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Biden and Foreign Policy Restraint

Peter Beinart makes a very questionable claim:

Among today’s Democratic foreign-policy elite, Hillary Clinton and Joe Biden represent opposite poles.

That is quite an overstatement. There is some truth that Clinton and Biden have been on different sides in foreign policy debates inside the administration, but this hardly makes Biden the champion of foreign policy restraint that Beinart would have us imagine him to be. Biden was reportedly opposed to intervention in Libya, and Clinton was strongly in favor of it, but on the whole Biden’s record has not been noticeably different from that of other Democratic hawks over the last twenty years. Like so many other Democrats that opposed the Gulf War that soon found that to be a political liability, Biden turned into a reliable hawk in virtually every policy debate since then. A supporter of the 2003 invasion of Iraq, he also made a point of agitating for military intervention in Sudan during his last presidential campaign. When Obama chose him as his running mate, it was widely understood that he was being added to bring on someone both more experienced in Congress and someone with more hawkish credentials. If Biden is now supposed to represent restraint, it doesn’t mean very much.

I read the 2012 interview that Beinart cites as proof when it first appeared, but for all Biden’s reported admiration for Kennan he has usually taken positions in contemporary foreign policy debates that Kennan did or would abhor. Biden backed the same interventions in the Balkans that Beinart cites as proof of Clinton’s hawkishness, and he supported every round of NATO expansion that Kennan considered to be reckless and unwise. If Biden is a “Kennanite,” the label has no meaning. Like the unpersuasive case that Obama is a realist, the case for Biden as advocate for foreign policy restraint requires us to ignore most of the evidence from Biden’s own post-Cold War career. It is possible that Biden might still be preferable to Clinton on foreign policy grounds, but the difference between them is one of very slight degree. The truth is that there are no potential Democratic presidential candidates that can be plausibly described as advocates for a restrained foreign policy, and the fact that Beinart is reduced to presenting Biden as one confirms this.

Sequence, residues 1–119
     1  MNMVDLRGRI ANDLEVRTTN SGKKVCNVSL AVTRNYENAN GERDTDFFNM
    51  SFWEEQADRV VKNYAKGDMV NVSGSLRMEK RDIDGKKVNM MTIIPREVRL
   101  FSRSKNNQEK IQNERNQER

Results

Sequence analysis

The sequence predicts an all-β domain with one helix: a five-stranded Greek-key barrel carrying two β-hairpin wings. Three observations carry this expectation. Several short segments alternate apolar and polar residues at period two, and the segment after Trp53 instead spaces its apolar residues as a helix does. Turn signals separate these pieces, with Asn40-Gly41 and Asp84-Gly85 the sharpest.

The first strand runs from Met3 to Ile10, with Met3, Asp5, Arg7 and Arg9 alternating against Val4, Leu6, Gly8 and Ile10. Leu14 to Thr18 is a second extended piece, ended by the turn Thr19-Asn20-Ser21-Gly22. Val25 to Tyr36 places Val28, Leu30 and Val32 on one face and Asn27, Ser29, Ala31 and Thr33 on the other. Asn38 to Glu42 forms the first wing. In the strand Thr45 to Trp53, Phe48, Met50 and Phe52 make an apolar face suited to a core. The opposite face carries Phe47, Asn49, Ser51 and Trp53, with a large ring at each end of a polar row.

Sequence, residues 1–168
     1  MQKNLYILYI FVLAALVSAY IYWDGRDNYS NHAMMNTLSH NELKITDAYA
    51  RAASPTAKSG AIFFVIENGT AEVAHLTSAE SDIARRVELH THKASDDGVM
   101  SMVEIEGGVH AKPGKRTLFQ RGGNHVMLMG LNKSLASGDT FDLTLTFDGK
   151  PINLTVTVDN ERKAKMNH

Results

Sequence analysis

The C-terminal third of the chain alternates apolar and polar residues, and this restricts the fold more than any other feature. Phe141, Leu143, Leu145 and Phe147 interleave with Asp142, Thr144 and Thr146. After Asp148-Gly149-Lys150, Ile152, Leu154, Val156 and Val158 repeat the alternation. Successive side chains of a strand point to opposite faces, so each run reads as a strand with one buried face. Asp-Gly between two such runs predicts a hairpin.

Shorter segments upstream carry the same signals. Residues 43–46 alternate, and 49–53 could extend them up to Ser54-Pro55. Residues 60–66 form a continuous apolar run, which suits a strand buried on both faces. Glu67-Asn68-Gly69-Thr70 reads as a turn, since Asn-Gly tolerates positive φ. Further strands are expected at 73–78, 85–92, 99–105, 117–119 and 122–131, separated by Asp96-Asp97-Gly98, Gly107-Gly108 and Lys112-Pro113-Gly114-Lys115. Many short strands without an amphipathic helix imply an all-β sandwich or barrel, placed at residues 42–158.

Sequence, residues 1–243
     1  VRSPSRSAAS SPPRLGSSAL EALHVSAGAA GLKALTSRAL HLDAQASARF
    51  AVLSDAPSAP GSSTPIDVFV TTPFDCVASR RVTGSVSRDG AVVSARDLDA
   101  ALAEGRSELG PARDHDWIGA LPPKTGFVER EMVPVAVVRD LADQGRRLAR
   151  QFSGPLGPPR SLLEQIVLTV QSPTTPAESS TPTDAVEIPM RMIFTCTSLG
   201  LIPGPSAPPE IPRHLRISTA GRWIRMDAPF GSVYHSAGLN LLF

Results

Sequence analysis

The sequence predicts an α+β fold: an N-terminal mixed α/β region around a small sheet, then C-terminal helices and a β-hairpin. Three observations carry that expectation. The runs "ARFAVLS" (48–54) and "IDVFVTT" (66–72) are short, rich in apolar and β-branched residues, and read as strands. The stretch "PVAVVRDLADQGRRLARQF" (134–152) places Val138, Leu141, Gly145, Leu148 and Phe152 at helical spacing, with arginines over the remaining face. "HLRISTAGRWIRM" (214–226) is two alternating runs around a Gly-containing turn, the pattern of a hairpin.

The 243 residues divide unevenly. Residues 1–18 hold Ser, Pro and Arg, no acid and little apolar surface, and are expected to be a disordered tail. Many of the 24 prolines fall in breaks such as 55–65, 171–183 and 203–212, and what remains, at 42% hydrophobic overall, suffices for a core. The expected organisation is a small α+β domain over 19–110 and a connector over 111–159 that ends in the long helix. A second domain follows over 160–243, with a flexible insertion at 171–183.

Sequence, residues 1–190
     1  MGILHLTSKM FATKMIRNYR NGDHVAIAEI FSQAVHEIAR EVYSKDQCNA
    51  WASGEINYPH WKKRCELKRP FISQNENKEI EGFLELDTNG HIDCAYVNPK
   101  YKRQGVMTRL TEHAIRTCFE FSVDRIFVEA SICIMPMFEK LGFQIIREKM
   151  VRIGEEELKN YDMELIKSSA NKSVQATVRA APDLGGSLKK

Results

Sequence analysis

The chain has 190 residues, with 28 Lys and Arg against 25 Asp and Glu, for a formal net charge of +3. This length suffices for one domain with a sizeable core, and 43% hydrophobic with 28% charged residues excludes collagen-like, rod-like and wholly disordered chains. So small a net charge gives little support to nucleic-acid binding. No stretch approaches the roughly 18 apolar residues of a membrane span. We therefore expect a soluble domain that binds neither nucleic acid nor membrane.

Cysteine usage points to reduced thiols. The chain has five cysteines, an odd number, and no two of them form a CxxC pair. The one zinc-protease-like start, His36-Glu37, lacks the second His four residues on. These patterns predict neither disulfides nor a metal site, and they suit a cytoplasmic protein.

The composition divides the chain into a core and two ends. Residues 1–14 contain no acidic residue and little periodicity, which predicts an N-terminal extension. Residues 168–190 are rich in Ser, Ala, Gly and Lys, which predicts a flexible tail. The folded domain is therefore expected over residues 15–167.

about the author

Daniel Larison is a senior editor at TAC, where he also keeps a solo blog. He has been published in the New York Times Book Review, Dallas Morning News, World Politics Review, Politico Magazine, Orthodox Life, Front Porch Republic, The American Scene, and Culture11, and was a columnist for The Week. He holds a PhD in history from the University of Chicago, and resides in Lancaster, PA. Follow him on Twitter.

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